New Study Reveals Weight of Administrative Burden on Small Business

Date: September 19, 2017

A recent Sage report identified how much time small businesses waste on administrative tasks. The answer? So much that it's stunting economic growth.

On average, small businesses currently spend around 120 days a year on administrative tasks like paperwork and accounting alone, according to a recent Sage report. Imagine what you could do with all of that extra time. 

The survey found that, in the United States, 4.9 percent of a small business’ time is lost to administrative tasks. If that time were returned, the nation’s GDP could increase by an added $335.3 billion. Small businesses already account for over 50 percent of the United States’ GDP, as pointed out by Small Business Trends.

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So what tasks specifically are making small businesses less efficient? The study identified accounting, HR, payroll, tax-related duties, managing late payments, invoice generating and processing, and talent acquisition and training as the duties overloading small businesses’ time. Some of these time-consuming tasks, like accounting, could be streamlined by digitization or with software solutions.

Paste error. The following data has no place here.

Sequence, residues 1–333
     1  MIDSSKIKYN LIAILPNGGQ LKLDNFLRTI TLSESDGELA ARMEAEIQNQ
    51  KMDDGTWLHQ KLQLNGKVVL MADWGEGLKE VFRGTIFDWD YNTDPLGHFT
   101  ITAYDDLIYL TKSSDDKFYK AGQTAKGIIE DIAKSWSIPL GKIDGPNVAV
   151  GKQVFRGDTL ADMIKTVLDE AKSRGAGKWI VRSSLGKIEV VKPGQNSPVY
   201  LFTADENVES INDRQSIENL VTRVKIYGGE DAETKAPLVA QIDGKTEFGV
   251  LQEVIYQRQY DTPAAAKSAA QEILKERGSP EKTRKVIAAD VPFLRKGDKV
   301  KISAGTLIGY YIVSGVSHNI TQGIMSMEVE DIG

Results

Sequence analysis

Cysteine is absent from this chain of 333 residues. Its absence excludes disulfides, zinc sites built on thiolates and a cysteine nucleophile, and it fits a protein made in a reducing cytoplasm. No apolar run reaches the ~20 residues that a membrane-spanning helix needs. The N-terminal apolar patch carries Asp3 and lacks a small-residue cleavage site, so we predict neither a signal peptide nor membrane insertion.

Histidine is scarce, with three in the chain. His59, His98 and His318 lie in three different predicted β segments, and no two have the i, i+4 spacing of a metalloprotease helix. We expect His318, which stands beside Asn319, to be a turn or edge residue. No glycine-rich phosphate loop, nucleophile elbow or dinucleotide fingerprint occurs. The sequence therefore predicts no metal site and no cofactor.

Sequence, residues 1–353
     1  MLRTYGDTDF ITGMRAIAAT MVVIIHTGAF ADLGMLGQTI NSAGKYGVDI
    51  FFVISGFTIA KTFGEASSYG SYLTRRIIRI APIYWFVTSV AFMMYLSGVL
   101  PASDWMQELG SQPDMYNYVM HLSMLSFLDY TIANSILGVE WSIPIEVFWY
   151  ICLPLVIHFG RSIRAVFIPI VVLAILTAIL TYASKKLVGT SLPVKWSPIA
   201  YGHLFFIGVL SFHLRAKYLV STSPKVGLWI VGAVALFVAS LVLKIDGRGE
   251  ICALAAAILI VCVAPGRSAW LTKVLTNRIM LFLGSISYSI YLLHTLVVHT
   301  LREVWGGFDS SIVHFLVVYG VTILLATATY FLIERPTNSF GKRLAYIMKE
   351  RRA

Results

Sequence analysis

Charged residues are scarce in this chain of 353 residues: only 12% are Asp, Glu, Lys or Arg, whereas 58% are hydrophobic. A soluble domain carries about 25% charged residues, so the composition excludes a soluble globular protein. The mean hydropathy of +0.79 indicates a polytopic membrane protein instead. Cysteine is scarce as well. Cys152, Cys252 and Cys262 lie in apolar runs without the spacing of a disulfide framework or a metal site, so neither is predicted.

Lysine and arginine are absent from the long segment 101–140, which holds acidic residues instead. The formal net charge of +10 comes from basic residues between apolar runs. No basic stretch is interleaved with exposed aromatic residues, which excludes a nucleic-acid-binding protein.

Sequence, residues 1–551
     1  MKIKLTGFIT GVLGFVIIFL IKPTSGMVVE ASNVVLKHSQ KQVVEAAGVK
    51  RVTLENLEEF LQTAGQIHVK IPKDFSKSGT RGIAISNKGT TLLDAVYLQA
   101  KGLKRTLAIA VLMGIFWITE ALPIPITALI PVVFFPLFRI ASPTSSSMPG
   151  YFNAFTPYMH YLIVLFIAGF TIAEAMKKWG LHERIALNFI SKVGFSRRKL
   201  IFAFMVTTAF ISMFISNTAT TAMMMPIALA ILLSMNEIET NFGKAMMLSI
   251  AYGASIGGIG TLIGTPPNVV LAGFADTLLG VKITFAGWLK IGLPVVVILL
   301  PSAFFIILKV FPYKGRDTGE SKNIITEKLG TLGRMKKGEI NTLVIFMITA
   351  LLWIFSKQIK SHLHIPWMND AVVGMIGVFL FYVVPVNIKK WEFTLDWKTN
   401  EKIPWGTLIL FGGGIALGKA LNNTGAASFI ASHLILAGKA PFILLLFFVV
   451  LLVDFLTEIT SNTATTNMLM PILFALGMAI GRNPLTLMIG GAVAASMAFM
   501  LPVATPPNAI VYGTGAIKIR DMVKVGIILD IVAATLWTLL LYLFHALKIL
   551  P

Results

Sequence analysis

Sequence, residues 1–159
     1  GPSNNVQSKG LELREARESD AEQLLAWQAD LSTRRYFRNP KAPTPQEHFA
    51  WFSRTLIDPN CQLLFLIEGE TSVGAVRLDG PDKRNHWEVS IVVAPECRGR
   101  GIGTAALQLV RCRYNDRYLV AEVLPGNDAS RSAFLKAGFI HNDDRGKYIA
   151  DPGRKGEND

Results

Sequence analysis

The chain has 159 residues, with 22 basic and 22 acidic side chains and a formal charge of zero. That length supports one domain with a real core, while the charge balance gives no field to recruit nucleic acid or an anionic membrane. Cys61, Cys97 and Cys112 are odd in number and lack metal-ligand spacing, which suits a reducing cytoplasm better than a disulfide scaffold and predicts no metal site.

In the U.S., 30 percent of survey respondents said that there was no reason they weren’t digitizing their administrative tasks. Twenty-five percent said it was too time-consuming, and twenty-three percent said that implementation was too costly. The rest had reasons like processes being too complicated, the incompatibility of their legacy systems, or a lack of training. 

According to Sage CEO Stephen Kelly, small businesses need to make the switch over to using administrative software, which will save money and time in the long haul.

However, one of the main underlying causes of time wasted on administrative tasks can be attributed to government regulations. “Small businesses also face an enormous regulatory burden, forcing them to spend thousands of hours on compliance,” NFIB President and CEO Juanita Duggan wrote in her op-ed for The Wall Street Journal.

NFIB’s Small Business Problems and Priorities survey found that “unreasonable government regulations” is the second largest problem for small business owners. So while digitization can help small businesses manage their time more efficiently, what small businesses really need is deregulation, which will increase productivity and boost the economy.

 

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